Currently I am at the Cheltenham Science Festival in England, an annual five-day ‘feast of debate, delight and entertainment’, as the organizers promote it.
And indeed, it is quite an extraordinary initiative: a festival with an attendance that can easily be compared to a popular jazz or pop festival. Next to numerous one-hour lectures, there were several panels, debates, and presentations by scientists like Steven Pinker, Richard Dawkins and Martin Rees.
Yesterday night I presented, together with neuroscientist Martin Coath (Plymouth University), the results of our European EmCAP research consortium on music cognition. All this under the, admittedly, somewhat smooth title ‘Good Vibrations’.
Martin Coath, a gifted speaker and FameLab finalist, got a large crowd enthusiastically doing a live experiment on relative pitch, and I presented our latest research on the similarities in listening skills between expert musicians and ‘ordinary’ listeners. Furthermore, we gave a preview of some of the preliminary results of collaborative work done with the research team of Istvan Winkler (Budapest) on, e.g., the sensitivity for rhythm and beat induction in babies of just one or two days old.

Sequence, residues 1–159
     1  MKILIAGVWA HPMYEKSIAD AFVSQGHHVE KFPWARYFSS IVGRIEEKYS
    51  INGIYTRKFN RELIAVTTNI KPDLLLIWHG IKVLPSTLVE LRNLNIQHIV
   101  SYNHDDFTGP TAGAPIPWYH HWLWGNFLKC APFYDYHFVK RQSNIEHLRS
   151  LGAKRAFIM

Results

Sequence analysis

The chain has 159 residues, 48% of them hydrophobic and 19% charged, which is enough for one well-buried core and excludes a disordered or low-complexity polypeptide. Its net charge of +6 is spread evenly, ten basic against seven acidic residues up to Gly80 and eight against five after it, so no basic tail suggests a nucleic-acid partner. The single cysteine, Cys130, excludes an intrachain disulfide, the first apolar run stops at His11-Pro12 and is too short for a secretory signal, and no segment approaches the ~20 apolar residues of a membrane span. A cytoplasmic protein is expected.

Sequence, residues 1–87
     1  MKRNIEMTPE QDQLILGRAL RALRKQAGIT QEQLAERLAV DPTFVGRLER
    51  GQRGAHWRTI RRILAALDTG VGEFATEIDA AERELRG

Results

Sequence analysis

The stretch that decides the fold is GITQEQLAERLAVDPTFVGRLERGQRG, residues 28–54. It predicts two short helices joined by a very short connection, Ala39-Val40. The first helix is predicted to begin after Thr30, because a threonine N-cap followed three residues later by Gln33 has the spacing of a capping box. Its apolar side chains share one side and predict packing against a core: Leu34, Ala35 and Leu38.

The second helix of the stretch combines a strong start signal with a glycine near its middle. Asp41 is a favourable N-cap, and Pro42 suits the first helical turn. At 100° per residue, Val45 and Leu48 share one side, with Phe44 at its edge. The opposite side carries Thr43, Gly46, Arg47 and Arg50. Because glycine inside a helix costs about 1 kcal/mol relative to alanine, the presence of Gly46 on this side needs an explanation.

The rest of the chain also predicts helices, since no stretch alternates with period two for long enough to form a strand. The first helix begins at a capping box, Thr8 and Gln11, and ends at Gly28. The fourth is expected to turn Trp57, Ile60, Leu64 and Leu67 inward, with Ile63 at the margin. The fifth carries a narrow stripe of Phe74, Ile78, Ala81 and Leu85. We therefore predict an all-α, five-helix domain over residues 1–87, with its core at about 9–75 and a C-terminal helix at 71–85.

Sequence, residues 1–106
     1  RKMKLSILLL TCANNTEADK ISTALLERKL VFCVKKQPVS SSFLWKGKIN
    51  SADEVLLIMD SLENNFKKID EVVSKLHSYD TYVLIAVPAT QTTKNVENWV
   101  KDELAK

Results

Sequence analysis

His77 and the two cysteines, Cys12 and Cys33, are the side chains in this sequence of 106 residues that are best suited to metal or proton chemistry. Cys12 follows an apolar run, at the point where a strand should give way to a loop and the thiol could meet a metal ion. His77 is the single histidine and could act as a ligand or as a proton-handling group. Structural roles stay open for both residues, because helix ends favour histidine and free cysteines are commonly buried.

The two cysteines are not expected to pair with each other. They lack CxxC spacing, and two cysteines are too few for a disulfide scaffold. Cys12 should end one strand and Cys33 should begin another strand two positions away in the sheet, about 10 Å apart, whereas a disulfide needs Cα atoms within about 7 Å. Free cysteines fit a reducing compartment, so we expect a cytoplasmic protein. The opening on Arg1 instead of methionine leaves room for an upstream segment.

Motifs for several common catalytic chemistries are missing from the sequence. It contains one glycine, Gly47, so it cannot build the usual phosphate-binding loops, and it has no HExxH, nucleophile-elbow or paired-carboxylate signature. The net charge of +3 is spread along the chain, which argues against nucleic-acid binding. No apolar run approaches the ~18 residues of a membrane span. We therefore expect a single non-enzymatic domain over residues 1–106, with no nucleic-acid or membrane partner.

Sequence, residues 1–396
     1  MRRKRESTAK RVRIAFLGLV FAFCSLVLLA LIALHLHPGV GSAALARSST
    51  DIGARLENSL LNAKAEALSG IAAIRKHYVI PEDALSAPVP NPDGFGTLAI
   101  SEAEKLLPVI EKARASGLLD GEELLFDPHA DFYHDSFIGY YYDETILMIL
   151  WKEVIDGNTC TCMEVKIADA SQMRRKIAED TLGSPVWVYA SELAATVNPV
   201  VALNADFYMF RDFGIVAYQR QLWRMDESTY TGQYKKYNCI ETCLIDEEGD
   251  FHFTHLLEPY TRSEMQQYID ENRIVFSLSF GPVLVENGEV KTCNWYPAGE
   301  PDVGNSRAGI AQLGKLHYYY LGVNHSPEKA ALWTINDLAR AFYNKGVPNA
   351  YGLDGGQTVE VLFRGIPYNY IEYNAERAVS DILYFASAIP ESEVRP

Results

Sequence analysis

N.B. More on this at the end of this month when we will present the actual results at the Neuroscience & Music Conference in Montreal.